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Congressional Republicans, Democrats spar over Commanders allegations

A congressional committee has been investigating the NFL's handling of sexual harassment accusations in the Commanders' workplace and allegations of financial improprieties by the team. (Julia Nikhinson for The Washington Post)
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The ranking Republican member of the House Committee on Oversight and Reform questioned the motives and findings of the committee’s Democratic-led investigation into alleged financial improprieties by the Washington Commanders and their owner, Daniel Snyder, in a letter Thursday.

The committee’s chairwoman, Rep. Carolyn B. Maloney (D-N.Y.), responded by saying the committee will continue its investigation into the team’s workplace.

Rep. James Comer (R-Ky.) wrote in a two-page letter to Maloney that the investigation was “reckless,” adding that former Commanders executive Jason Friedman should be allowed to amend his allegations against the team or referred to the Department of Justice for an investigation into the veracity of his statements to Congress.

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“Your reckless, ends-oriented investigation is an embarrassment to our Committee and a misuse of congressional oversight authority,” Comer wrote. “It is yet another example of Democrats exceeding the bounds of what is permissible for Congress to investigate. … Even if this investigation was conducted with balanced and proper fact finding, which it has not been, there is no recourse in the Oversight Committee for any of the allegedly aggrieved parties. This investigation is wasting valuable taxpayer resources — especially at a time when the American people are struggling with increasing inflation.”

Republicans have consistently questioned the committee’s investigation into the NFL’s handling of sexual harassment accusations in the team’s workplace and allegations of financial improprieties by the team.

“I am surprised that the Ranking Member believes that protecting workers from toxic workplaces is not a subject worthy of the Committee’s attention, especially after both Democratic and Republican Members condemned the ‘abhorrent behavior’ revealed by the Committee’s investigation and called for more transparency,” Maloney said in a statement Thursday.

“While the Ranking Member may believe we should have ignored troubling evidence of potential financial misconduct obtained during this investigation, I decided the more responsible course was to refer this to the Federal Trade Commission, which can now determine whether further actions are warranted. The Committee’s investigation into the team’s toxic workplace culture and the NFL’s handling of that matter will continue so we can ensure that employers are held accountable for their conduct and American workers are safe from harassment, discrimination, and other workplace misconduct.”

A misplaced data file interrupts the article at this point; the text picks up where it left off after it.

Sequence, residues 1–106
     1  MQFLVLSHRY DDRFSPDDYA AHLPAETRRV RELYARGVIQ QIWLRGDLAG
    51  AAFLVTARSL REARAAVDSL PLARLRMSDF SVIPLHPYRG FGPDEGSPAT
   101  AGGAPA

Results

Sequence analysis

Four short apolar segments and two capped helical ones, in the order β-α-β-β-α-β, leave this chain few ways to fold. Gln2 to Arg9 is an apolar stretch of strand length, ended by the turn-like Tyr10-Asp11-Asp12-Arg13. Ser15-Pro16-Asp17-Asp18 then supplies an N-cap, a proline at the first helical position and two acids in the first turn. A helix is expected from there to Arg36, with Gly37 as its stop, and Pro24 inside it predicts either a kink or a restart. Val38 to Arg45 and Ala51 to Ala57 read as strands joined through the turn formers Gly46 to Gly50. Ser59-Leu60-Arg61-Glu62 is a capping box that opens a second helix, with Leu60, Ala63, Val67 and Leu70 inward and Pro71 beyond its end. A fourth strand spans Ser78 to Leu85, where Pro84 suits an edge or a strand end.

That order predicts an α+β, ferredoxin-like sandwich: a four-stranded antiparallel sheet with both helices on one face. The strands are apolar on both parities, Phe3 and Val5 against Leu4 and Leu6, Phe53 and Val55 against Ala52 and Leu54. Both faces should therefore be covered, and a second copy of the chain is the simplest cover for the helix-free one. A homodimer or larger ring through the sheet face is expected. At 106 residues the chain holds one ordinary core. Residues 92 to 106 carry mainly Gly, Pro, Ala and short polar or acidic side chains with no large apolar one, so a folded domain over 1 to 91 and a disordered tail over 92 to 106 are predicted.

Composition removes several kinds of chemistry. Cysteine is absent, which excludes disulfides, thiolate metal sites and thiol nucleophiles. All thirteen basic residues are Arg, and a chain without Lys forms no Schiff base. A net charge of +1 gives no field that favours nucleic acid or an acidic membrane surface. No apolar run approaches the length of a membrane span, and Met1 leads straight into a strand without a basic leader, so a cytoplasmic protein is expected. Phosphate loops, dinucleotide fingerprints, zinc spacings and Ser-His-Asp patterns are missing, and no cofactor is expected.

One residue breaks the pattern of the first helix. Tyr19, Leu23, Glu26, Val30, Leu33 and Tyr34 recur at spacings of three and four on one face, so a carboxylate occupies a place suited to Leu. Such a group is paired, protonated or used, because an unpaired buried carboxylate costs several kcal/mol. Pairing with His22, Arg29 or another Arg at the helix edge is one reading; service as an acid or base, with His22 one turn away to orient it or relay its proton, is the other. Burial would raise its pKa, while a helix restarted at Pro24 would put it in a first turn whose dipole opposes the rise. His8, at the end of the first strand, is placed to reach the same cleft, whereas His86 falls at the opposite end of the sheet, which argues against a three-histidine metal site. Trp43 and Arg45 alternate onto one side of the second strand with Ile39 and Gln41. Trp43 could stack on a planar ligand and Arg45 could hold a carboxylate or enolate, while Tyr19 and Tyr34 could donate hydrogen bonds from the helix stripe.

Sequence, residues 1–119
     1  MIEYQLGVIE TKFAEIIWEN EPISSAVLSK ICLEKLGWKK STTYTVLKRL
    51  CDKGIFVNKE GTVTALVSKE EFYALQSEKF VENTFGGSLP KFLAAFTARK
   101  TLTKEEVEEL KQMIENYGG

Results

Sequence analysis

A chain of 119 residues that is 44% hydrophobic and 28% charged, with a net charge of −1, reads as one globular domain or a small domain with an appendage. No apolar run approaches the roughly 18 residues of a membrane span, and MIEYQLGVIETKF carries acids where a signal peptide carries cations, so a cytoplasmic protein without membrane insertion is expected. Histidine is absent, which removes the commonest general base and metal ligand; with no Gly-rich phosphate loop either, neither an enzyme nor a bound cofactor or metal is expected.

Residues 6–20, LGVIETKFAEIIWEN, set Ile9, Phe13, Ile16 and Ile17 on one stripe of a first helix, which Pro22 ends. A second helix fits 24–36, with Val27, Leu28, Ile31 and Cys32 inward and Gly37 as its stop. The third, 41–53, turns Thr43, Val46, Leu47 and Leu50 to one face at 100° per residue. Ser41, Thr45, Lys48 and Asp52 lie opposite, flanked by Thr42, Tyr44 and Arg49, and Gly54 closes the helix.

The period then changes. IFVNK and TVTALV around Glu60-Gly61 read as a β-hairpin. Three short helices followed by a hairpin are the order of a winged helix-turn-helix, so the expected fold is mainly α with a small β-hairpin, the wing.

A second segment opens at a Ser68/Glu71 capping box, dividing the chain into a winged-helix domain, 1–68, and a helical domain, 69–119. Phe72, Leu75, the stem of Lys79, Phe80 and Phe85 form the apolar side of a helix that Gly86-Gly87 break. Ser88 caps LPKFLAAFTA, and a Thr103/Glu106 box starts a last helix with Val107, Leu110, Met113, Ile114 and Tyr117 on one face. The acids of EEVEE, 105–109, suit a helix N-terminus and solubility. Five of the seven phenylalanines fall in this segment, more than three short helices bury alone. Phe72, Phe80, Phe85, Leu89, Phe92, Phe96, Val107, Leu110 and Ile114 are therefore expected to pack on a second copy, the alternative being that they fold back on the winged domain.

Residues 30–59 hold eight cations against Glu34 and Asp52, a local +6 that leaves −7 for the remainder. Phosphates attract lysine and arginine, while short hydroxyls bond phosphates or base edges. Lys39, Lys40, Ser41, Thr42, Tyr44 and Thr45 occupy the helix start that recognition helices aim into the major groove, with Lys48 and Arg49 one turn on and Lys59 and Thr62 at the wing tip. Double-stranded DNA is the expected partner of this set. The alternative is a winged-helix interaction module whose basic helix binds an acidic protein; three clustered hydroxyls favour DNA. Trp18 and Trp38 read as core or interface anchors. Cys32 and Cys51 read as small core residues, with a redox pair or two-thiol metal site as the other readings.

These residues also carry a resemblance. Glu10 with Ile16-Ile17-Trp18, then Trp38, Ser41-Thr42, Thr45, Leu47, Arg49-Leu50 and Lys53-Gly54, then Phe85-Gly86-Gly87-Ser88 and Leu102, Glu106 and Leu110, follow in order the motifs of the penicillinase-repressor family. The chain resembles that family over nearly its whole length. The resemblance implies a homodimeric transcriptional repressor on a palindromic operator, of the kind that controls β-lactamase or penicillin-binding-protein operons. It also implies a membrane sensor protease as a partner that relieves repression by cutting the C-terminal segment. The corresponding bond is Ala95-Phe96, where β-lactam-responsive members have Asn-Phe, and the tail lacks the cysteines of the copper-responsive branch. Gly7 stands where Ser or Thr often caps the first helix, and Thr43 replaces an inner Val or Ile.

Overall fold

Maloney and Rep. Raja Krishnamoorthi (D-Ill.), the chairman of the subcommittee on economic and consumer policy, wrote a 20-page letter last week to the FTC. That letter said the Commanders and Snyder “may have engaged in a troubling, long-running, and potentially unlawful pattern of financial conduct” that allegedly involved withholding as much as $5 million in refundable deposits from season ticket holders and hiding money that was supposed to be shared among NFL owners.

The Democrats’ letter detailed allegations made by Friedman, a former vice president of sales and customer service who worked for the team for 24 years. The letter said Friedman told committee members the team maintained “two sets of books,” including one set of financial records used to underreport certain ticket revenue to the NFL. The letter cited documentation that the team’s financial improprieties may have extended to tickets registered in NFL Commissioner Roger Goodell’s name.

It referenced evidence it said indicated the revenue gained by the team through such practices was known internally as “juice.” It detailed allegations that the Commanders improperly attributed such revenue to being derived from a Navy-Notre Dame college football game at FedEx Field or a Kenny Chesney concert so that it wouldn’t be part of the NFL’s revenue-sharing pool.

The Commanders denied the allegations in an 18-page letter Monday from attorney Jordan Siev to the FTC. The team’s letter called the accusations “baseless” and said “no investigation is warranted.” It was accompanied by declarations from four former team executives — attorney David Donovan, chief operating officer Mitch Gershman, director of finance Paul Szczenski and senior vice president Michael Dillow — along with documents and text exchanges to dispute Friedman’s claims.

Comer cited the team’s letter to the FTC in his letter Thursday.

“In light of the counter story provided in the Team’s FTC letter, we request that you evaluate whether Mr. Friedman should be: 1) offered the opportunity to amend his prior statement or 2) referred to the Department of Justice for investigation into the veracity of his statements to Congress,” Comer wrote to Maloney.

Friedman’s attorney, Lisa Banks, reiterated Thursday that he stands by his statements to the committee.

“Again, Mr. Friedman stands by his testimony to Congress, which was based on the actions he himself took on behalf of the team, and which was supported by contemporaneous documentation,” Banks said in a statement. “In response, he has been attacked personally and professionally by the team and now by a member of Congress. Unfortunately, Mr. Friedman remains contractually unable to defend himself publicly, but stands ready and able to answer any questions that the government, including Representative Comer, might have about his experiences or actions on behalf of the Washington Commanders.”

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